Support Black-owned businesses. Buy from them and invest in them.
There is severe inequity in the venture capital and banking systems, where Black founders do not receive the funding they should. Support them with your dollars.
When you see something, do something. Whether it’s on a train, a sidewalk, on social media, tv, or in a meeting — it’s our job as allies to step up when we see racism, bullying, harassment, biases and microaggressions. (For biases and microaggressions, consider talking with someone privately if it’s not malicious, rather than publicly shaming. For the rest, it’s illegal — so intervene, record and report.)
Financially support organizations working to create systemic change. I’ve shared a lot of these on my Twitter feed — please feel free to share resources in the comments (and on your social feeds too!) and you can view my full listing for social links
Volunteer for organizations working to create systemic change. If you don’t have money and you do have time, there are often ways you can help.
Raise children who are actively working against racism — and for justice, inclusion and equity. Talk with them about what’s happening and why it’s wrong. Enroll them in doing the work with you to create change. Model this for your children, so they grow up in a better world.
Buy books and toys that represent diverse experiences. Lots of amazing dolls, books, games and toys out there to give your kids more diverse representation in their play. And of course, diverse playmates and classmates are very important as a child grows up, builds empathy and understanding, and creates their worldview.
Work on your self. We all grow up with biases and often racism too. Learn to recognize when these come up and correct them in yourself. This is the hard and important work of change. You got this.
Learn from Black people: read articles and books, watch videos and movies, listen to podcasts, attend events, follow Black people on social media. And (re)learn history from the point of view of Black authors. (History books are usually written by white men.)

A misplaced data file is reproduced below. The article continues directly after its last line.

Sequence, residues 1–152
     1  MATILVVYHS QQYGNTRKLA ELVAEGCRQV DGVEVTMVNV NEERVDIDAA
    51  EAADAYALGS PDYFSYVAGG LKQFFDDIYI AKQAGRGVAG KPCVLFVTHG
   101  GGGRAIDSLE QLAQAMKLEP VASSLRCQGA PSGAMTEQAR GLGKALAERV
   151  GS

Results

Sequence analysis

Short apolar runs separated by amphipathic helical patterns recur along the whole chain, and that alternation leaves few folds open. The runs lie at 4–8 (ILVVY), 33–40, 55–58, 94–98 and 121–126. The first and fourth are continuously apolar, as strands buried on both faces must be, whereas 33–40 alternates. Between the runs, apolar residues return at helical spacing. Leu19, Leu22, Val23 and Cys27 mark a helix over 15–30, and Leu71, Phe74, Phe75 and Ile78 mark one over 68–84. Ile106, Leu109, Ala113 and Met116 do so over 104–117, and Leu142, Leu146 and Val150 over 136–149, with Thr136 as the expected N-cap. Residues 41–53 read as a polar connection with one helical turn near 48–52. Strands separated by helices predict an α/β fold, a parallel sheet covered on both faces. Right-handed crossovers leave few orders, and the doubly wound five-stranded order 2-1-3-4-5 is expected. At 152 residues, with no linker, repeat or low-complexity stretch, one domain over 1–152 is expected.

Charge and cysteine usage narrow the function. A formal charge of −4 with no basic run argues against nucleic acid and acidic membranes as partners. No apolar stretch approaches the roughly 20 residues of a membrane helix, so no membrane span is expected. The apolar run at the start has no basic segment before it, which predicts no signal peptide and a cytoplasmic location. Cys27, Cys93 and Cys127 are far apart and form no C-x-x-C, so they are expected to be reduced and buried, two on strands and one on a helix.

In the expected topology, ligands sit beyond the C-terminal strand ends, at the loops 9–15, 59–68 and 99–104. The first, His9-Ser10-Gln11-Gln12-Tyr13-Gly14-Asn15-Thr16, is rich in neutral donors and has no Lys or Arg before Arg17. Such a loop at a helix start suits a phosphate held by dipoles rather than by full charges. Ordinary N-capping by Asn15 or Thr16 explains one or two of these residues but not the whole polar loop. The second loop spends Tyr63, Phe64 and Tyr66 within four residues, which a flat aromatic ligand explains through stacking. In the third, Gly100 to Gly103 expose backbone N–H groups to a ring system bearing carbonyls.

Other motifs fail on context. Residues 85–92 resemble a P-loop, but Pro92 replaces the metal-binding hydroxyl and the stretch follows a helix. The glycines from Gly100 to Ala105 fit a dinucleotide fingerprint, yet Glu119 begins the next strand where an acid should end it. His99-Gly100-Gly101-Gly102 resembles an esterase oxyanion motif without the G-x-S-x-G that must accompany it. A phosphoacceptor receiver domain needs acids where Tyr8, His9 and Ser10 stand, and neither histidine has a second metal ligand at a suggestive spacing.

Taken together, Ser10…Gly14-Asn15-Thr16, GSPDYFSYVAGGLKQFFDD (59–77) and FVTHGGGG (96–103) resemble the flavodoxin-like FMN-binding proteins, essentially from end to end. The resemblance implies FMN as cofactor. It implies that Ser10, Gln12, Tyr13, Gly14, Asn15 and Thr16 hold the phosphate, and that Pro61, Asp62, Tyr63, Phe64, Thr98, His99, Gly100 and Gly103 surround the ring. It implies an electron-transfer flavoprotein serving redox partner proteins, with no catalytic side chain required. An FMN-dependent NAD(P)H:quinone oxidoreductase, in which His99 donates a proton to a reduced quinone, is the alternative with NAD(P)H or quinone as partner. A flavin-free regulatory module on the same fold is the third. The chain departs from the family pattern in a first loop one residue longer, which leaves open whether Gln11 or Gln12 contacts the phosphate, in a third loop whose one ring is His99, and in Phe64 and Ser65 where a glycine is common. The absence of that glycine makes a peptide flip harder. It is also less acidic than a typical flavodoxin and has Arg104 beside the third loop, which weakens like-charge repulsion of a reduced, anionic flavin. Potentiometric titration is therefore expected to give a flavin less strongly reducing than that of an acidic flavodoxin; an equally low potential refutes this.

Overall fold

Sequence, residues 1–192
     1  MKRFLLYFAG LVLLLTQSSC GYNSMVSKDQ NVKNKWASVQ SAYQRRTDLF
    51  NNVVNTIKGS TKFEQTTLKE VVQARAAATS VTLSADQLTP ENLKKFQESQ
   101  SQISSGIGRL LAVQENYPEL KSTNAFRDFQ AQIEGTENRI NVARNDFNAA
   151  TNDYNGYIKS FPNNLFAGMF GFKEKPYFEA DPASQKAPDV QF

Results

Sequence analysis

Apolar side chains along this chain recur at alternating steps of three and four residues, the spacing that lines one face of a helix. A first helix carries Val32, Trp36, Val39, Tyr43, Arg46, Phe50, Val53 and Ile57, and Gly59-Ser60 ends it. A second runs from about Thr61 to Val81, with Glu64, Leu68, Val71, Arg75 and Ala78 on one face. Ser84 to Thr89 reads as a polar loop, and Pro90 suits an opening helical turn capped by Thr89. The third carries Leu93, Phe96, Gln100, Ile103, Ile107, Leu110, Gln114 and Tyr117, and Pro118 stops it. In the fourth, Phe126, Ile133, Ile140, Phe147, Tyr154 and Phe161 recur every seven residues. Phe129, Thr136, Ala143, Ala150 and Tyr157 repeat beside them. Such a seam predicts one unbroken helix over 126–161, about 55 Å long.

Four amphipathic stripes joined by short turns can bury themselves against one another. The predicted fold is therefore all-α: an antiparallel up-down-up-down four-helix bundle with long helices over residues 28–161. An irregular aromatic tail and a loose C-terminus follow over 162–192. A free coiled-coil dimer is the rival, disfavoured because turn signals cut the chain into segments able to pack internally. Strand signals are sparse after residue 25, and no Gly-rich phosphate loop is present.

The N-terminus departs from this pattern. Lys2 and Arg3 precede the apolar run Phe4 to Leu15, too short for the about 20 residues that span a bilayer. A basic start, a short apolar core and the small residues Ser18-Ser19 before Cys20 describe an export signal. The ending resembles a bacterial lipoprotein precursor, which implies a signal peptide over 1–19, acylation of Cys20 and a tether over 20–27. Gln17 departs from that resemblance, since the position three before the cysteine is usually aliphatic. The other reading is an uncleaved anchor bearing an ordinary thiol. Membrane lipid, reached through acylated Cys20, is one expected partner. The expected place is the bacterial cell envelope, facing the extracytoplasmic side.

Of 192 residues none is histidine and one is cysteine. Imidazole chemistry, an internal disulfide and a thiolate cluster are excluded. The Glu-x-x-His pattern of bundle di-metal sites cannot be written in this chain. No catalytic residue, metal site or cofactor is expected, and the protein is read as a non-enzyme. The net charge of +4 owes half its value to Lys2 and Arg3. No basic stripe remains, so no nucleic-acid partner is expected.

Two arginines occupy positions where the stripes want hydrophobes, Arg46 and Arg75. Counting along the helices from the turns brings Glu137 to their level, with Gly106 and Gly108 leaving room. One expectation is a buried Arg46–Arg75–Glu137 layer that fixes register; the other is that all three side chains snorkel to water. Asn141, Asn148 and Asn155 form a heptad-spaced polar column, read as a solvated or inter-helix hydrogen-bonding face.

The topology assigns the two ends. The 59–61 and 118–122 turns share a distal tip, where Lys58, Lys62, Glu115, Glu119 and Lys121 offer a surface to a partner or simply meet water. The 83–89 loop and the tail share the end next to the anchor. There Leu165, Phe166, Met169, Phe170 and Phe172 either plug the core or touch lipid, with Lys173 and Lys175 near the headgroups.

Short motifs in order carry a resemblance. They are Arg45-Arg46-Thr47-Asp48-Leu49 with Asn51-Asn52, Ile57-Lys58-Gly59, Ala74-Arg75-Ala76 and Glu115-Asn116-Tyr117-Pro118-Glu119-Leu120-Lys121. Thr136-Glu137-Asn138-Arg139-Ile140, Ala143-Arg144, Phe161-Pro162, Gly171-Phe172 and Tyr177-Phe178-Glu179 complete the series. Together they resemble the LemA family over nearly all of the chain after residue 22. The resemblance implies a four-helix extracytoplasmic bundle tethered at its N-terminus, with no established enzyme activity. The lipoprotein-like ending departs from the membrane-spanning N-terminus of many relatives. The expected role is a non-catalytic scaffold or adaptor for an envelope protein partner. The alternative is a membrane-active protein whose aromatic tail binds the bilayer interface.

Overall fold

Hire and promote Black people. Rather than blame “the pipeline,” work harder to find skilled, talented Black people. They are out here, you may just need a different way to reach them and convince them to join you.
Do your jury duty. Black people need allies in the courtroom, as they are disproportionately incarcerated (6x more likely than white people).
VOTE. Vote for Black candidates. Vote for candidates with track records of correcting systemic inequities and injustice, and who work to build wealth, health and sustainability for everyone. Help fight voter suppression, which happens most in predominantly Black & Latinx neighborhoods.
Please note that all this is from my own white perspective. I’ve been doing this work for a while, but I am still white and not an authority on lived Black experiences. So make sure you ask Black people what they need before creating a new program or project, never assume what they need. Make sure you’re never a “white savior,” that all the work you do is in service, that your work is amplifying/elevating/promoting Black people, and is correcting centuries of historical oppression and privilege.
Black friends and colleagues, I love you, I’m thinking about you, and I commit to doing the work to create change. If you have suggestions for better ways allies can help I’d love to know them (not an ask just an invitation). Love you, you matter very much.